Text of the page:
- Against MetaphorSamuel Beckett and the Influence of Science
In conversation with Georges Duthuit, Samuel Beckett famously remarked, "there is nothing to express, nothing with which to express, nothing from which to express, no power to express, no desire to express, together with the obligation to express."1 Over the years, this statement has been read in numerous ways, and it is arguable that it has frequently been overread as an aesthetic manifesto that casts interpretative light on Beckett’s project as a whole. Irrespective of the complexities or problems that underpin such an overdetermined reading, however, what is particularly interesting about this statement for my purposes here is simply that for Beckett, language in its common form— language as we know it and use it on a daily basis—is not fit for purpose. In the famous "German letter of 1937," Beckett writes that language is increasingly "a veil which one has to tear apart in order to get to those things (or the nothingness) lying behind." And as Beckett continues in the same letter, his task is to experiment with "grammar and style" in order that he might "drill one hole after another into [language] until that which lurks behind, be it something or nothing, starts seeping through—I cannot," Beckett adds, "imagine a higher goal for today’s writer."2
In Immemorial Silence Karmen MacKendrick notes how "the concern with the limits of language is a tradition with multiple roots: we find it in ancient mysticism as the ‘ineffable,’ in negative theology as the unnamable, in the Nietzschean warning that grammar seduces us into a belief in metaphysics, even in the Wittgensteinian warning that philosophy, being all language games, must not infrequently remain silent."3 Indeed, as Ludwig Wittgenstein famously cautioned in the seventh section of the Tractatus, "whereof one cannot speak, thereof one must be silent."4 Yet it might also be well to remember Maurice Blanchot’s rejoinder, "to be silent is still to speak. Silence is impossible."5
The problem of how to respond to this conundrum might be said to be one of the most fundamental formal problems at the heart of much twentieth-century and early twenty-first-century avant-garde literary practice.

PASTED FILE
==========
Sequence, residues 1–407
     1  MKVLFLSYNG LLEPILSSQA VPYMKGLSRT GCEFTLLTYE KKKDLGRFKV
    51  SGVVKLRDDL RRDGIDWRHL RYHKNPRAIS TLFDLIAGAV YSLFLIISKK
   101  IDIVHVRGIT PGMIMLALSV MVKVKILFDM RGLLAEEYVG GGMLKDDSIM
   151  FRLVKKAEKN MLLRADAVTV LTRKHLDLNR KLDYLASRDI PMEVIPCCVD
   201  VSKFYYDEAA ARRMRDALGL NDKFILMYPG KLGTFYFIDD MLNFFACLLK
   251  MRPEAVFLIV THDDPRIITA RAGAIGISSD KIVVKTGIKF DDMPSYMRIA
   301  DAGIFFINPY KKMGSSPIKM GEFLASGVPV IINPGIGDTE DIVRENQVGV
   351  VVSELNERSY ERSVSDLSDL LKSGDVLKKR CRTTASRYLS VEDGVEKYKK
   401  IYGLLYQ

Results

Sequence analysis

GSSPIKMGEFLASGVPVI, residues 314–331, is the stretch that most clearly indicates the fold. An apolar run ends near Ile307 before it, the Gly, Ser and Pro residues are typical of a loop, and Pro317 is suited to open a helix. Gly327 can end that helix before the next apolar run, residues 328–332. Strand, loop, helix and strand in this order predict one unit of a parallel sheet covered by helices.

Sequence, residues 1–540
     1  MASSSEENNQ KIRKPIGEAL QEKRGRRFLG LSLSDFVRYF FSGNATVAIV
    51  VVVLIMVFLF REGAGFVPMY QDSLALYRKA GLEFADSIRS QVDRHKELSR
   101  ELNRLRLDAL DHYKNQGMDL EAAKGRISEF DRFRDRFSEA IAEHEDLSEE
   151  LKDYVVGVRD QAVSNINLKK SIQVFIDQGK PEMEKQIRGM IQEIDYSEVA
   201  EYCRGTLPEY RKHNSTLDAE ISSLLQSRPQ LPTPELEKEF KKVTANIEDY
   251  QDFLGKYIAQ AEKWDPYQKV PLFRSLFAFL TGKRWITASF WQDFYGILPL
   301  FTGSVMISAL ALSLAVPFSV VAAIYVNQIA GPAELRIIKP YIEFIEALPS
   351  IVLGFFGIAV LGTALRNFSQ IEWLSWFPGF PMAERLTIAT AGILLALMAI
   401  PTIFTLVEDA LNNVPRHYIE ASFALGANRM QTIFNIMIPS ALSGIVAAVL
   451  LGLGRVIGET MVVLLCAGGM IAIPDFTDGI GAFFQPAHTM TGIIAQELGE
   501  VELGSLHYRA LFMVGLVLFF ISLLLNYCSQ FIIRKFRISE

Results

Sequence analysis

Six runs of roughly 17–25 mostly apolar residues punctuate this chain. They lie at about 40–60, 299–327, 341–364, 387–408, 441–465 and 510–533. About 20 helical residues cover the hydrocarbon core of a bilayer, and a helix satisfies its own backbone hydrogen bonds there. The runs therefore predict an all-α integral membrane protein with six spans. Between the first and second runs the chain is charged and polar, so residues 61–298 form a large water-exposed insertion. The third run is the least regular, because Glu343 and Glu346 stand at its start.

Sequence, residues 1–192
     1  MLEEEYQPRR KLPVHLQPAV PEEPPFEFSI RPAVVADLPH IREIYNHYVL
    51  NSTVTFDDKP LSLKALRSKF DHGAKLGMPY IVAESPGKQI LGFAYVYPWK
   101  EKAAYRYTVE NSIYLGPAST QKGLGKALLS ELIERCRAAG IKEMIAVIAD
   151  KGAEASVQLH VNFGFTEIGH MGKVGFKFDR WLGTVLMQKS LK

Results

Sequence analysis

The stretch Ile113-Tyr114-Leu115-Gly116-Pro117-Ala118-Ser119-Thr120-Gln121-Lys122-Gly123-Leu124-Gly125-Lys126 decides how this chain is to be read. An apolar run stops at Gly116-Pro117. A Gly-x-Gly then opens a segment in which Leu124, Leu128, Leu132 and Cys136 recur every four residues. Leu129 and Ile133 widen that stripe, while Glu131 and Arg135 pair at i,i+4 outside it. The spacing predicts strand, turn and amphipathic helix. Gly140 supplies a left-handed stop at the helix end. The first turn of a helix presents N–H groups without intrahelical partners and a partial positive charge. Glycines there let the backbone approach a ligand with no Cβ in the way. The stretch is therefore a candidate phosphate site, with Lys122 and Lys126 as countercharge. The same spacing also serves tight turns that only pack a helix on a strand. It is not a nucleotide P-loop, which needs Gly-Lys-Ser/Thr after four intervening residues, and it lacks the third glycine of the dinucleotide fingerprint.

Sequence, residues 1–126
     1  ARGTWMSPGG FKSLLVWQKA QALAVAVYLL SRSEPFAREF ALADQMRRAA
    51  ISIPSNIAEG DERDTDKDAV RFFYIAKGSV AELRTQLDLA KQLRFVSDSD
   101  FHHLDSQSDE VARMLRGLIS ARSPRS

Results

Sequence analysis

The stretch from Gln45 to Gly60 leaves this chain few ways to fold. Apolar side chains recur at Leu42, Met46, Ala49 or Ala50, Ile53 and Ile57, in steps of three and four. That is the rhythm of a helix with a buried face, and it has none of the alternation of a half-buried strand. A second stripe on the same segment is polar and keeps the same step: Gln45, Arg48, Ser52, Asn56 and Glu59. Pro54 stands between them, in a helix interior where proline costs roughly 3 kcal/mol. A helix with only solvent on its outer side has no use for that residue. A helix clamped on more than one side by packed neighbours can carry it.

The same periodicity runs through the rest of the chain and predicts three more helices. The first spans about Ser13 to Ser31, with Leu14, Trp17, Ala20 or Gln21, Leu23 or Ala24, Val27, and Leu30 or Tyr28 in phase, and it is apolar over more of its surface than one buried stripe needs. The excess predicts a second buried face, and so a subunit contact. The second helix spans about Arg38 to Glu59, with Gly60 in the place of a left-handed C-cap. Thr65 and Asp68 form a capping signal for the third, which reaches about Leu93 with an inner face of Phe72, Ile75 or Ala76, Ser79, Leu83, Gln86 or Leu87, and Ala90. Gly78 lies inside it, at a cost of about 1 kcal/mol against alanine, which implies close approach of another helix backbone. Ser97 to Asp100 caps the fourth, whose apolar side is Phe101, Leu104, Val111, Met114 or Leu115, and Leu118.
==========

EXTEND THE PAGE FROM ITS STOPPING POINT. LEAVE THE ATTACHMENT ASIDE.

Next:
With reference to Beckett’s notebooks and letters, it has been relatively well documented that one of Beckett’s primary sources for the sense of ignorance at play in his works stems from his reading, in 1936, of work of the seventeenth-century Flemish metaphysician and mathematician, Arnold Geulincx.6 One of the central elements of Geulincx’s thinking that interested Beckett was his consideration of the limits of empiricism. While Geulincx argued that "everything seeks to be known: not to have been known is almost not to have been born" (nosci omnes appetunt: non notum fuisse, ferme est non natum fuisse), he also maintained that each and every empirical explanation is undone by the parameters of its own definition.7 "Ubi nihil vales, ibi nihil velis," Geulincx stated, "Wherein you have no power, therein you should not will."8 "Yes, let’s go. They do not [End Page 37] move" as the famous final line and stage direction from Waiting for Godot have it; Vladimir and Estragon seek momentum but are riveted by their lack of power. According to Geulincx’s Metaphysica, "motion thus has two parts, from being and to being" (motus enim duas habet partes: abesse et adesse).9 If only they could give themselves to the passivity of waiting, in which one simply waits, rather than waits for something. It is the giving up, or over, of self that was most particularly expressed in Geulincx’s writing by the analysis of the term humilitas. "I am a mere spectator of this machine, whose workings I can neither adjust nor readjust; wherein I neither devise nor destroy anything: the whole thing is someone else’s affair."10 Humilitas connotes the renunciation of will, the abandonment of both claims to power and knowledge. It is, in other words, the principle at the heart of both Geulincx’s and Beckett’s thinking that comes to be expressed in condensed form by the maxim nescio, "I...